The U.S. Supreme Court today over-ruled, 6-3, its really bad 1972 holding that rights, like the 6th amendment fair trial requirements, were not necessarily incorporated into the states by the 14th. Oregon and Louisiana, astoundingly, did not require unanimous jury verdicts of guilty in criminal cases, allowing 10-2 convictions. In Louisiana, the anomaly was an 1898 relic of the Jim Crow era; I have no idea what Oregon’s excuse was.
Louisianans voted in 2018 to do away with the practice, passing an amendment to the state constitution requiring unanimous verdicts going forward. But up to a hundred prisoners, like Evangelisto Ramos who was serving a life prison sentence after being convicted of murder in a 10-2 jury vote, will get new trials because their convictions came under the old, unconstitutional law and their appeals aren’t exhausted. The case is Louisiana v. Ramos.
Two aspects of the decision are especially noteworthy, other than the fact that its seems obviously correct. Continue reading
Usually, when Ethics Alarms headlines California’s lawmakers, it is because they have done something irresponsible, like in this post, this one, and my personal favorite, this one, in which Governor Jerry Brown signed a minimum wage law that he admitted might not make economic sense, because it was consistent with partisan fantasies.
But a blind pig might find a truffle, every dog has its day, and even a stopped clock is right occasionally. California just passed a desperately needed law that no other state has had the courage to pass. Its purpose: take serious measures to stop prosecutorial misconduct that sends innocent people to jail, a problem that is rampant everywhere in the U.S., but particularly bad in the Golden State.
Brown just signed into law a new statute making it a felony for prosecutors to alter or intentionally withhold evidence that could be used to exonerate defendants. Violators could be sentenced to up to three years in prison. That’s not nearly enough punishment when the crime often robs innocent citizens of decades of their lives, but it sends an important, and one hopes an effective, warning…with teeth. Continue reading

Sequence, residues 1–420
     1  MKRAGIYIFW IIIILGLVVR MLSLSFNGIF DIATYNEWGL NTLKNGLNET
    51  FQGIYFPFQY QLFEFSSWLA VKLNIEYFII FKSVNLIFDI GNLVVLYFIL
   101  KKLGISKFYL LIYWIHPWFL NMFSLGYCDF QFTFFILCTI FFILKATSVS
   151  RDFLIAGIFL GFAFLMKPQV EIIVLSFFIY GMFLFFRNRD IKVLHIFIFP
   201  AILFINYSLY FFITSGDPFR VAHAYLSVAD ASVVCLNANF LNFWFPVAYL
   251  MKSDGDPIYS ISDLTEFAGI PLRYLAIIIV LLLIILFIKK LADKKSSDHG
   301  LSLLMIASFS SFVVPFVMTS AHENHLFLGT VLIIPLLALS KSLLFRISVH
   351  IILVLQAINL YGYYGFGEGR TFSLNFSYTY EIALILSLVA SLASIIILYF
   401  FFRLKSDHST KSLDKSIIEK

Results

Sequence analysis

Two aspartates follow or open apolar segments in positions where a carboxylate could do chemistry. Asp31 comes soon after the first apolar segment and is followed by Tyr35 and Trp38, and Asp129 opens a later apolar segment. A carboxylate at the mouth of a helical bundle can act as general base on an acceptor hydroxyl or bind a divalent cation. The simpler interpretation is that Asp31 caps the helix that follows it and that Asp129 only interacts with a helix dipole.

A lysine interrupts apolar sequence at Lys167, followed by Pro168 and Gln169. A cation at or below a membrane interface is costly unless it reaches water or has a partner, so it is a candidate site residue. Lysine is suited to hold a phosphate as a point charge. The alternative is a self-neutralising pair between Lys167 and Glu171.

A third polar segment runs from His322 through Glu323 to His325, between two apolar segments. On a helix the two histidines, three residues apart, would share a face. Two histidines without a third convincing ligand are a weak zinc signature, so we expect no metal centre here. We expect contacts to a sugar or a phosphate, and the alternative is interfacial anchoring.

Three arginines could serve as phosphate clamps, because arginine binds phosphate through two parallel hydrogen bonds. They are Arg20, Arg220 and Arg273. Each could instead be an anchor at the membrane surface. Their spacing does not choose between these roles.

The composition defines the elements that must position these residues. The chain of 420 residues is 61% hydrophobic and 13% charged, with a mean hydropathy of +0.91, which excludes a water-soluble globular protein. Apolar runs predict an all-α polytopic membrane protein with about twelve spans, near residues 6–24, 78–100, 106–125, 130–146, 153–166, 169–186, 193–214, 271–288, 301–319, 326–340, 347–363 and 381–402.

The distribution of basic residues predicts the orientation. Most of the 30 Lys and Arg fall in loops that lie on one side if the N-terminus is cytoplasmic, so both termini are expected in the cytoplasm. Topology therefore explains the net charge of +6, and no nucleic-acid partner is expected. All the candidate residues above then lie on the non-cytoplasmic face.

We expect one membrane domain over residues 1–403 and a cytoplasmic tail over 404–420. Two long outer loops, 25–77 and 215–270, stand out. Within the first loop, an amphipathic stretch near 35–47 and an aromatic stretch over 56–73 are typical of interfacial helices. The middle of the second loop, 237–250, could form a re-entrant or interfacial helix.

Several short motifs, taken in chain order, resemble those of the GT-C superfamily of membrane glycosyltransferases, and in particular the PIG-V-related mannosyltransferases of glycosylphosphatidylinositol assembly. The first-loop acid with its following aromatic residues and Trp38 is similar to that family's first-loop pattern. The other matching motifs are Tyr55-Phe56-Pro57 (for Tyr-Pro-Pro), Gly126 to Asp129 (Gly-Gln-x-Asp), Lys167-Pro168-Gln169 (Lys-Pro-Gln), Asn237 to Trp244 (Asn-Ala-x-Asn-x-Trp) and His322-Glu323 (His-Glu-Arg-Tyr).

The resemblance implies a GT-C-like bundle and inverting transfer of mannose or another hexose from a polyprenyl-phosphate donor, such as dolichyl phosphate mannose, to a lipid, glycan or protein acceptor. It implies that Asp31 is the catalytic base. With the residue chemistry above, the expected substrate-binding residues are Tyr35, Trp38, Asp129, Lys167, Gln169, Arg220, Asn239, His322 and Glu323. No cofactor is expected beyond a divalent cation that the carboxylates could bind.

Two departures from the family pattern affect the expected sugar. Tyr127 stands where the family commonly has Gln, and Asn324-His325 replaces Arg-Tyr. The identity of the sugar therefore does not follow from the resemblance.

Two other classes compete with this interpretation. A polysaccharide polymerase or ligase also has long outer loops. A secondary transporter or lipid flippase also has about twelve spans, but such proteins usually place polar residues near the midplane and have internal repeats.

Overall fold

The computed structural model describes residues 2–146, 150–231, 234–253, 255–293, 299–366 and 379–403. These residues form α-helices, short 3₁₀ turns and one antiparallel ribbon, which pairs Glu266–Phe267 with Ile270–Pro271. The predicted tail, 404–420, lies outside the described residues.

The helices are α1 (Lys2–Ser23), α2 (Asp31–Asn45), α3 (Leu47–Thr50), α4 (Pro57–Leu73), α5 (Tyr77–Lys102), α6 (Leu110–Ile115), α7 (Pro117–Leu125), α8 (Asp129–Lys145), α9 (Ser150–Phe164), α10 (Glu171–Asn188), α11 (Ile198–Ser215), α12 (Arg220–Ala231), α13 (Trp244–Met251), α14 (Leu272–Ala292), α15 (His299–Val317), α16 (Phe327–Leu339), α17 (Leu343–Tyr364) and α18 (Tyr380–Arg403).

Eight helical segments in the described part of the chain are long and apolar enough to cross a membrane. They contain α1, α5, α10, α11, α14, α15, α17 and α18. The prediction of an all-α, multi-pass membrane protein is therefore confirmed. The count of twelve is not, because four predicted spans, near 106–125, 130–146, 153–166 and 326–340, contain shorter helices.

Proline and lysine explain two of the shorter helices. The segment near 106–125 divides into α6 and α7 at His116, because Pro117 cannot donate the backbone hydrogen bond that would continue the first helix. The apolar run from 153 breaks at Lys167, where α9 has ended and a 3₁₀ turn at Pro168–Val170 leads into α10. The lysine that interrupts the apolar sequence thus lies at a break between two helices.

Craig Watkins, a D.A. who understands his ethical priorities.
In Law School, I had the honor of being instructed in the superb Georgetown Law Center Criminal Justice Clinic, by far the single best course of any kind I participated in at any level of my formal education. Our mentor in prosecutor ethics was Seymour Glanzer, the man who, as an Assistant U.S. Attorney, cut the deal with Nixon’s White House Counsel John Dean that cracked open the Watergate scandal.
Sy had one mantra he repeated to the clinic students often, trying the beat it into our heads forever: the prosecutor must be the center of justice and ethics for the criminal system. Defense attorneys have to defend the accused whether they are guilty or not, but prosecutors are charged with achieving justice, not convictions. “If you don’t have sufficient legal and reliable evidence to convict a defendant of a crime, or have any doubts about that client’s guilt, drop the case,” he told us.
His principles do not hold sway among many, perhaps even most prosecutors, to the shame of the criminal justice system. Too many see their duty as convicting as many accused as possible, putting the law-abiding public at ease by closing cases and filling prisons. Over-zealousness, sometimes to the extremes of withholding exculpatory evidence from defense attorneys while placing questionable eye-witnesses and unreliable experts on the stand under oath, is rampant in district attorney offices across the country.
The worst of the worst may have been Dallas. Vanessa Potkin, chief counsel of The Innocence Project at Cardozo Law School, argues that “no other county in the country beats Dallas. It’s a county that beats out most states in the country.”
It’s an indication of a system that needs reform, she says, with “staggering numbers of the innocent put in prison.” That is why the recent steps taken by new Dallas District Attorney Craig Watkins are so important, and so necessary. Continue reading